SEVERE THUDERSTORMS – OBSERVATIONAL AND REGIONAL MODELING (STORM) OVER NORTH-EASTERN REGION (NER) OF INDIA [STORM‐2010 OVER GUWAHATI]
OBSERVATIONAL REPORT SUBMITTED TO
MINISTRY OF EARTH SCIENCES GOVERNMENT OF INDIA BLOCK 12, CGO COMPLEX, LODHI ROAD NEW DELHI 110003 By
Department of Physics Yogi Vemana University Vemanapuram Kadapa – 516 003 (in Collaboration with India Meteorological Department, RMC Guwahati)
ACKNOWLEDGEMENTS The technical supports extended by the India Meteorological Department (IMD) staff at Regional Meteorological Centre (RMC), Guwahati are gratefully acknowledged. We are very much indebted to Ministry of Earth Sciences (MoES), Government of India for their financial support for deployment of ground based instruments and for data collection and analysis under the Severe Thunderstorms Observations and Regional Modeling (STORM) Programme.
This field programme is implemented under the
Prof. U.C.Mohanty, Indian Institute of Technology, New Delhi and Dr. P.V.Joesh, Emeritus Scientist, Cochin University of Science and Technology, Cochin. We are very much thankful to them for their active support and constant encouragement for successful completion of the STROM 2010 over Guwahati in the North Eastern Region (NER) of India.
We acknowledge Mr. S.B.Surendra Prasad, Junior Research Fellow, Department of Physics, Yogi Vemana University, Kadapa for analyzing COSMIC data during STROM – 2010.
We are very much thankful to the Yogi Vemana University administrative officers and staff for their support and cooperation for timely deployment of the based meteorological sensors and implementation of the STROM 2010 in the NER of India.
Dr. K.Krishna Reddy Shri. Haragobindha Pathak Mr. S.Balaji Kumar Mr. U.V.Murali Krishna Ms. N. Lakshmi Kantham Ms. P. Sravani -
Principle Investigator Deputy Director General, IMD.RMC, Guwahati Senior Research Fellow Junior Research Fellow Junior Research Fellow Junior Research Fellow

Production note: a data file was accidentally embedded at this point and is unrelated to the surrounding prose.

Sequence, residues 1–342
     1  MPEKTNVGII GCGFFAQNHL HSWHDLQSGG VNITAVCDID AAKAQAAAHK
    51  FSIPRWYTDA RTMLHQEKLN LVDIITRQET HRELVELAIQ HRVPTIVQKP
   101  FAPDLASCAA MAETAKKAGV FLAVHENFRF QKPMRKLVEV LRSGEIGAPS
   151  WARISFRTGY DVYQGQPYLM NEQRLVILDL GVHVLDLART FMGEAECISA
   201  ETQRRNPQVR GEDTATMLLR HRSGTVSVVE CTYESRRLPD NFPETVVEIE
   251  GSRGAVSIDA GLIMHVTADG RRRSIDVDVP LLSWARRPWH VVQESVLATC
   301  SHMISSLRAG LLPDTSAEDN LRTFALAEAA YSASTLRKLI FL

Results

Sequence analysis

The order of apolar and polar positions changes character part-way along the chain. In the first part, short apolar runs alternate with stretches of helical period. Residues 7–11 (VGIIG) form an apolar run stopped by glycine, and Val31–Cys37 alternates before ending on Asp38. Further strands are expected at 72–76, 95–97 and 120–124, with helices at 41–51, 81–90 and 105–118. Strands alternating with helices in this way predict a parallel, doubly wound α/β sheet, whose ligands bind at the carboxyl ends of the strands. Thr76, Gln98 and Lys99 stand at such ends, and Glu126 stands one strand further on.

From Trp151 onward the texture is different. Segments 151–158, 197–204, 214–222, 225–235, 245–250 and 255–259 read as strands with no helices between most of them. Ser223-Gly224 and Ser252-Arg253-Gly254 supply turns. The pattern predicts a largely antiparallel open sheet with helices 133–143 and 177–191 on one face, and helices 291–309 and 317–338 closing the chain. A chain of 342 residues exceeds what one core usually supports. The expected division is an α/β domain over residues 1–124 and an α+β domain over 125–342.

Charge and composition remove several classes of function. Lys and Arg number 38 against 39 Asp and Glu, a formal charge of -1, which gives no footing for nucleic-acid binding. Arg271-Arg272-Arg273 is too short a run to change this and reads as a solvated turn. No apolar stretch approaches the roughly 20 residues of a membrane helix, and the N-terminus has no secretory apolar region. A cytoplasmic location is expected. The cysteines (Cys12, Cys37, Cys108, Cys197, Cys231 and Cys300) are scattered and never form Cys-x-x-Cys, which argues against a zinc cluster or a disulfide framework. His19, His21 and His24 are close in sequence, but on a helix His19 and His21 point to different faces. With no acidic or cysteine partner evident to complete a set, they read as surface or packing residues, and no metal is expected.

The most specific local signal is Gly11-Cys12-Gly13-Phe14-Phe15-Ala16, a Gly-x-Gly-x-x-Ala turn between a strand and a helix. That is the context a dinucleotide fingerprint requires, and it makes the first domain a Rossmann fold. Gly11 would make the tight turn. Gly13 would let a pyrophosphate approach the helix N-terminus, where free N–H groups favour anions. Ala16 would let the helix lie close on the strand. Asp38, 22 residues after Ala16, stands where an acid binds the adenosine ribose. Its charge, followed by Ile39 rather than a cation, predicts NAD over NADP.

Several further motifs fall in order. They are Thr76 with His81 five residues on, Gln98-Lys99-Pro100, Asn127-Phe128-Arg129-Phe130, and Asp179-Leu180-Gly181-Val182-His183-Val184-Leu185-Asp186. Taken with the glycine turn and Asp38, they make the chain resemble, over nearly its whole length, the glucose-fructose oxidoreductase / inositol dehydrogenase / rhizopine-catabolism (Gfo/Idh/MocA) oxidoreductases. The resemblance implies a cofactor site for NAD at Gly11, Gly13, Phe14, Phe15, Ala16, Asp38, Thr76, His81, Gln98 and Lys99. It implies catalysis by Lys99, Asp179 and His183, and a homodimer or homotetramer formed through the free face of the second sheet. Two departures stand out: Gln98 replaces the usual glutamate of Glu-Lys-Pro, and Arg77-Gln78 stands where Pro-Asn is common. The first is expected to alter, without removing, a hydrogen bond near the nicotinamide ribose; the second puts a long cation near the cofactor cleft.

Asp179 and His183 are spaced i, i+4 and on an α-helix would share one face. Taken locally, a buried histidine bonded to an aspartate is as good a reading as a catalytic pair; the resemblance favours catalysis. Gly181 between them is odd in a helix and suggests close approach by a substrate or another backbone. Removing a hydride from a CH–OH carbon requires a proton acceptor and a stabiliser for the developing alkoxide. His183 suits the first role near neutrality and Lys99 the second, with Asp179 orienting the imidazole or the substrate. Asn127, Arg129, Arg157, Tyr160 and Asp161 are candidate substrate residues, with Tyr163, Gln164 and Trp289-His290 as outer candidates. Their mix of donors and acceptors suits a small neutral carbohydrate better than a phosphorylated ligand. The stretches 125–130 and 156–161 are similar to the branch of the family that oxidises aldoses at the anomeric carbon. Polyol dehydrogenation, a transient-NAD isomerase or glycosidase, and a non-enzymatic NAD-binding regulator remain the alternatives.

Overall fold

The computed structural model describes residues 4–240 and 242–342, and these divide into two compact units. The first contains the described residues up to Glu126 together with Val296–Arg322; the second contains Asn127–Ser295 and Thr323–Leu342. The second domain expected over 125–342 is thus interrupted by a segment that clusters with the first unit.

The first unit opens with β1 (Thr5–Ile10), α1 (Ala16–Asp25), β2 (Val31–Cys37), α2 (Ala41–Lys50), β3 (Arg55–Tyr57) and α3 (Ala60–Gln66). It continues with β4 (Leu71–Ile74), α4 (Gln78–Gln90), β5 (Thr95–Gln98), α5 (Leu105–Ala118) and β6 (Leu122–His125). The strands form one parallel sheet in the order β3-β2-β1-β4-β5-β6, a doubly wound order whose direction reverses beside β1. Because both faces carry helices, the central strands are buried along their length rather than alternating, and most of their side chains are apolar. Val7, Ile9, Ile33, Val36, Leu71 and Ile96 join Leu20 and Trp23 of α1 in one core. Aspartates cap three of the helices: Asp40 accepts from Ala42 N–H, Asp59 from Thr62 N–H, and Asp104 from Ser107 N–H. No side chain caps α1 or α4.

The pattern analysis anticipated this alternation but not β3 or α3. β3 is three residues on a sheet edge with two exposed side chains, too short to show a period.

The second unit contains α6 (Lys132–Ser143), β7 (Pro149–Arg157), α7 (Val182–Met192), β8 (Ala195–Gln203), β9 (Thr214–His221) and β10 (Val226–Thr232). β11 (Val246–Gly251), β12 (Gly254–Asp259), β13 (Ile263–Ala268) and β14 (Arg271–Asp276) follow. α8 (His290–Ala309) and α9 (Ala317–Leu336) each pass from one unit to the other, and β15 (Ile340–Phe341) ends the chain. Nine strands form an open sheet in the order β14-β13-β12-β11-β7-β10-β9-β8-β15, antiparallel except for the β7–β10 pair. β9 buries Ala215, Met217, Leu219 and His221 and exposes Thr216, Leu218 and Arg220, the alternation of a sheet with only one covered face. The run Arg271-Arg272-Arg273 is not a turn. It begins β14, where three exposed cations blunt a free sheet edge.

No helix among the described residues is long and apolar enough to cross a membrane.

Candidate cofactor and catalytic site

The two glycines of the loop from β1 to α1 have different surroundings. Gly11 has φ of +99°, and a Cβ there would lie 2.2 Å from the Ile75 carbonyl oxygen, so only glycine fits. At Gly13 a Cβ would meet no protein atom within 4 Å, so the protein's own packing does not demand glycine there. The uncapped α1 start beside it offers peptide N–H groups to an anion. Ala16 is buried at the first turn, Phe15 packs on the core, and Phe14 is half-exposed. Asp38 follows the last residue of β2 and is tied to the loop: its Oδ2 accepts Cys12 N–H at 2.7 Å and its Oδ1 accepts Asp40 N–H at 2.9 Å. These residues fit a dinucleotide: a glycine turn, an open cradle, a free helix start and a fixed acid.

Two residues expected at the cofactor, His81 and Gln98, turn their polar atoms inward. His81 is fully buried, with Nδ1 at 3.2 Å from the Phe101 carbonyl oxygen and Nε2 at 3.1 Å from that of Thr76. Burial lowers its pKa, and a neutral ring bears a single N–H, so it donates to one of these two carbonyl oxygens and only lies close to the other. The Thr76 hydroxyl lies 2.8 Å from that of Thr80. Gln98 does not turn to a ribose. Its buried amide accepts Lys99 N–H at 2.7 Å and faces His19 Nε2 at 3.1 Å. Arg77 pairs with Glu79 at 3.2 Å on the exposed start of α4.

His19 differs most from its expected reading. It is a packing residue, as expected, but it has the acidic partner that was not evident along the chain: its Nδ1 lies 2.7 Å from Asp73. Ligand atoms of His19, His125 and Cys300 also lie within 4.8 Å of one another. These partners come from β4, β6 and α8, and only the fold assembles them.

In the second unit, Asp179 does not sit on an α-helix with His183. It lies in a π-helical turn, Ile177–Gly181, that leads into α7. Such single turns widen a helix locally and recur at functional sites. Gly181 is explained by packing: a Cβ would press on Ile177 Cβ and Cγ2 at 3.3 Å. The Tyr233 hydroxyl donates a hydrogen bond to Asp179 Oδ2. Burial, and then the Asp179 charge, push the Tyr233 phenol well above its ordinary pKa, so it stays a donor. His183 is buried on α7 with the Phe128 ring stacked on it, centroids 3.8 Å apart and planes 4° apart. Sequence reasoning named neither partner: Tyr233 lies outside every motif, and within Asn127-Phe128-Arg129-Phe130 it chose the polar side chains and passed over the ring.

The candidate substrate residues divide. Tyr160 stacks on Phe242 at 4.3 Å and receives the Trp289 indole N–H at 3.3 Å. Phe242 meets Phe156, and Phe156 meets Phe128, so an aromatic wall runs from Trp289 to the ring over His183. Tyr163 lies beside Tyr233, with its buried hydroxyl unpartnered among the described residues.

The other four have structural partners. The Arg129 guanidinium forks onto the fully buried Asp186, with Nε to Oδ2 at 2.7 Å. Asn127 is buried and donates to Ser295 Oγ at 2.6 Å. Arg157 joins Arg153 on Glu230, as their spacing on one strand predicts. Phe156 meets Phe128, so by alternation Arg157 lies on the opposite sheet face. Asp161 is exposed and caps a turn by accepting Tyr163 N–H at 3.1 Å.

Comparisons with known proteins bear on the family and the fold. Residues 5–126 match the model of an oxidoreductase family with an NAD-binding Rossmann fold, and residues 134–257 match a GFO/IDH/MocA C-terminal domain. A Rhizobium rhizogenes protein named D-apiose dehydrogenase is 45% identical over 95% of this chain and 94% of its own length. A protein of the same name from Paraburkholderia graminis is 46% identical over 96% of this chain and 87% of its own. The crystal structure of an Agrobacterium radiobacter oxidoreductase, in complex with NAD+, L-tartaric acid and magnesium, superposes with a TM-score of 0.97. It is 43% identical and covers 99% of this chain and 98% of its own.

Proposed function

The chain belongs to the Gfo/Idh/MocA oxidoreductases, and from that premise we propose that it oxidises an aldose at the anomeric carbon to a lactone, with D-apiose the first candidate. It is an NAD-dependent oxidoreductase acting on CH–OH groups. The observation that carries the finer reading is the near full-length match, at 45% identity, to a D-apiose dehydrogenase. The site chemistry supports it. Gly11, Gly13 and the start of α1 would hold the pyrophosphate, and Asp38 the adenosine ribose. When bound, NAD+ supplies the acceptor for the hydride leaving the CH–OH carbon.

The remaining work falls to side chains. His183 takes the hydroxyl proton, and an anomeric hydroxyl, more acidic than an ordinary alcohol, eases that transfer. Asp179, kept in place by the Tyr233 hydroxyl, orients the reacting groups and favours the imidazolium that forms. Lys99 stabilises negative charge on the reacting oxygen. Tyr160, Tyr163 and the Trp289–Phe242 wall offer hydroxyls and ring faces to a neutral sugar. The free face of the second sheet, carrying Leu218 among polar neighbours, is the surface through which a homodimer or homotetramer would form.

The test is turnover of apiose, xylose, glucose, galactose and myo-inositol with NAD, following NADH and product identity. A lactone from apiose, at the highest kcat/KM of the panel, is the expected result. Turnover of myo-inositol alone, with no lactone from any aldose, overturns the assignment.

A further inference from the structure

In India, during the pre-monsoon season of April and May over North-Eastern Region (NER) of India and Gangetic West-Bengal and also surrounding areas such as Jharkhand, Orissa, Chattisgarh, Bihar are affected by severe thunderstorms called ‘Norwesters’ that are locally called “Kal Baishaki”. Thunderstorm is a mesoscale system with space scale of a few kilometers to a couple of 100 kilometers and time scale of less than an hour to several hours characterized by heavy rain showers, lightning, thunder, hail-storms, dust-storms, surface wind squalls, down bursts and tornadoes. It is essential to understand the growth, decay process and microphysical characteristics of severe thunderstorms because they cause extensive damage to standing agriculture crops, high rise buildings as well thatched huts, high tension electric poles/wires, cause flash floods, resulting in loss of life and property. Several studies were carried out over United States of America (Brandes et al.,1995), Australia (Maki et al.,2001; Sandra et al., 2006), Europe (Roman et al., 2002), South America (Sánchez et al., 2009), and in other countries to understand major advances in continental thunderstorm dynamics, modeling, electrification and role of cloud micro-physical processes and also predict these severe storms. Kotroni et al., (1997) studied the initiation of summer thunderstorm activity over the Greek peninsula during a prevailing weak synoptic flow is investigated using the Colorado State University-Regional Atmospheric Modeling System (CSURAMS) and the Hybrid Particle and Concentration Transport Package (HYPACT). Brooks et al., (2003) have used the National Center for Atmospheric Research (NCAR)/United States National Centers for Environmental Prediction (NCEP) reanalysis system to create soundings and find environmental conditions associated with significant severe thunderstorms (hail at least 5 cm in diameter, wind gusts at least 120 km/h,...